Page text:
Whether you save your contacts for special occasions or wear them every day, good hygiene procedures are crucial. Incorrect use and care of contact lenses can lead to inflammation of the eyes or eyelids, sore or red eyes, infection and pus discharge, dry eyes, allergic reactions and more.
Here are our top tips to look after your contact lenses to avoid these things happening!
1. Use top hygiene for everyday use
Before inserting or removing your lenses, wash your hands with plain soap and water, and dry them thoroughly on a clean, non-fluffy, towel. Dry hands also give you a better grip for handling contacts. (This applies whether you wear reusable or disposable contacts).
2. When to remove contacts
Never wear your lenses for longer than the maximum time your eye doctor recommends. Also, do not go to sleep with your contact lenses in, unless otherwise advised by your eye care professional. Sleeping with the wrong type of contacts can cut off oxygen to your corneas, in turn leading to infections and severe eye damage. Remove your lenses before removing eye make-up.
3. Keep your contacts clean
If you wear re-useable lenses, they should be cleaned and disinfected after each use using the correct solution for their type (ask your optometrist for their advice on this and don’t change systems without advice). Store them in a fresh lot of solution after removal in the case that came with them, and make sure to replace the lid on the solution bottle.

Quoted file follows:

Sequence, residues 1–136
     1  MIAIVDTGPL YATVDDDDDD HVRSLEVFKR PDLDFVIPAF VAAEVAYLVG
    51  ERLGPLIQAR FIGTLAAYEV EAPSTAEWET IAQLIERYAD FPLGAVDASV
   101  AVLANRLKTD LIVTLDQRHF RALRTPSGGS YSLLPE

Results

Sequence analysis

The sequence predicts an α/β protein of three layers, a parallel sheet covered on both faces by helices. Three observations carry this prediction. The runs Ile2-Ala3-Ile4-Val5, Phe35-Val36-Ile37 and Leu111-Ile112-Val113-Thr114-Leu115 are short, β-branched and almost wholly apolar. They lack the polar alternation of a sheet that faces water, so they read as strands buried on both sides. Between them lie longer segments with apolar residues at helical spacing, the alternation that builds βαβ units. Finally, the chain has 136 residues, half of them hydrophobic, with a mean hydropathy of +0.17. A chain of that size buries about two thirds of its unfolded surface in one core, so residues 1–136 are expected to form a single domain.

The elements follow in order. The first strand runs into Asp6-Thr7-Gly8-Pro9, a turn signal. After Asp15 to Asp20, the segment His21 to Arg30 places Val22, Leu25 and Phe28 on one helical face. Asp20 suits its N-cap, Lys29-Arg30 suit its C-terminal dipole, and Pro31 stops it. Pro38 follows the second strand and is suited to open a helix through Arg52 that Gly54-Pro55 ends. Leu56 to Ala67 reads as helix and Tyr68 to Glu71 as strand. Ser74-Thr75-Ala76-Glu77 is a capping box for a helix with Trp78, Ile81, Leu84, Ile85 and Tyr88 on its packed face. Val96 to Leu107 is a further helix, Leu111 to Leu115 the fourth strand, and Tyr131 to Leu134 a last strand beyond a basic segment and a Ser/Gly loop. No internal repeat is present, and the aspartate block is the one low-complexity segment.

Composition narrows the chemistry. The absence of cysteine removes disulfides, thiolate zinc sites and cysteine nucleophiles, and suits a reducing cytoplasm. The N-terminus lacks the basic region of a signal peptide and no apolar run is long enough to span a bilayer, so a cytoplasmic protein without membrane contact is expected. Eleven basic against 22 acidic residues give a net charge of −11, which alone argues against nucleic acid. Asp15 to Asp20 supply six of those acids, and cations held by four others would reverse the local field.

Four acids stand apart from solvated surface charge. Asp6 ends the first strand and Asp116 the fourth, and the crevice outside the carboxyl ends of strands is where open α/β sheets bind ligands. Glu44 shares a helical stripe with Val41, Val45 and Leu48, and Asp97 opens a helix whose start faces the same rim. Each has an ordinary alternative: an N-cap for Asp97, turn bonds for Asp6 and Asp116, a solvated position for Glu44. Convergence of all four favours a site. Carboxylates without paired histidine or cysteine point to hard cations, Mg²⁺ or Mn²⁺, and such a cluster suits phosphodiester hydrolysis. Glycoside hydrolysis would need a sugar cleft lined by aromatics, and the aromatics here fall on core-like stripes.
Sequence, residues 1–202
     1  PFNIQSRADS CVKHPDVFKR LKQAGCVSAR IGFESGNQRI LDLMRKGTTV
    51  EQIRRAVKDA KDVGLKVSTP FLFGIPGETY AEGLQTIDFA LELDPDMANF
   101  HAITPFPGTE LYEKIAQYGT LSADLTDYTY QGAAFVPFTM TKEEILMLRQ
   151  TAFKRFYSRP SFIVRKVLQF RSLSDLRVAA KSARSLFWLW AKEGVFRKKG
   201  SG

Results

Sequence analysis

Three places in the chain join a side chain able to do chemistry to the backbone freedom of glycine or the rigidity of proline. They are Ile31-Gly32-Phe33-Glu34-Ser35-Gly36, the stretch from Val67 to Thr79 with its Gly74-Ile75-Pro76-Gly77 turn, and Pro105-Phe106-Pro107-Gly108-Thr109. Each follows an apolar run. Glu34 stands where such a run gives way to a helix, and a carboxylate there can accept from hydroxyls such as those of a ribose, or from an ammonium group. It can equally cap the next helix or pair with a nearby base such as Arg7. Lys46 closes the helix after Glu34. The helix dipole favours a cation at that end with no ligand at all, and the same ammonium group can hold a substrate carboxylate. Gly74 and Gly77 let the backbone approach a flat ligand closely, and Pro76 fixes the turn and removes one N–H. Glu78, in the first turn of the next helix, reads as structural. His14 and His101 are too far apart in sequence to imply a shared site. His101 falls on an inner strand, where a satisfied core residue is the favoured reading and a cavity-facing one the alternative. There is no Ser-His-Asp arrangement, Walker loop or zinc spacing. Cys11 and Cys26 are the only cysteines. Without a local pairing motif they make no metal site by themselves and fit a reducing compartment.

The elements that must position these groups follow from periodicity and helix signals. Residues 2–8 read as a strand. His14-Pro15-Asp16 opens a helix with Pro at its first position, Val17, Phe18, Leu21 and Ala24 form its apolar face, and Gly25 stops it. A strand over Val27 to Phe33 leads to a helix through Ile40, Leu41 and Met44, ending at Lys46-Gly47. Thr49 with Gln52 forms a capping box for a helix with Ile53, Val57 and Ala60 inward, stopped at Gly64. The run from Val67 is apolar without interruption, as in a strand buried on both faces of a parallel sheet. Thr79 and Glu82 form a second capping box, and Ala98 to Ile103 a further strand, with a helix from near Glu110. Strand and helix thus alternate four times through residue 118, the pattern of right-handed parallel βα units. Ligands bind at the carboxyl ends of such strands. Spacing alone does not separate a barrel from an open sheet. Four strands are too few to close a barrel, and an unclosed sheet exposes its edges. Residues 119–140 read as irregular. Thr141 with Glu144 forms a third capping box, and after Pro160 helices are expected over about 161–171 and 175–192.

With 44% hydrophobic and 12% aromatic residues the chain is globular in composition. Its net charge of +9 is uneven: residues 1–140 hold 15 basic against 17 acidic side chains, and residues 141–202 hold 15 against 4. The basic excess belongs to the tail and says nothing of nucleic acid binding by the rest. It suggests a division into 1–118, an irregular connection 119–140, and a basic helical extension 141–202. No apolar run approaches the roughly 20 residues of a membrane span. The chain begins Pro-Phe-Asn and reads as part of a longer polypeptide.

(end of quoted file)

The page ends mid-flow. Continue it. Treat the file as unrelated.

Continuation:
Do not ever rinse or soak lenses in water, as even treated tap water can carry bugs. Likewise you should not use saline solution for soaking – although it can be used for rinsing.
4. Look after your lens case
Keep your contact lens case disinfected by throwing out any used soaking solution, cleaning it with fresh solution or hot water and drying with a clean paper towel or tissue. Make sure to close the lid afterwards. The case should be replaced every few months, many lens solutions will include a new case with each bottle.
5. Check your own eye health
Regularly take a look at your eyes in the mirror. They should look clear and healthy. If they don’t (e.g. they are starting to look red or sore) discontinue using your contacts and make an appointment with your optometrist immediately.
6. A few extra tips
Finally, if your contact lenses are bothering you in any way, or you think you may need a different type, make an appointment to see your optometrist as soon as possible.Share on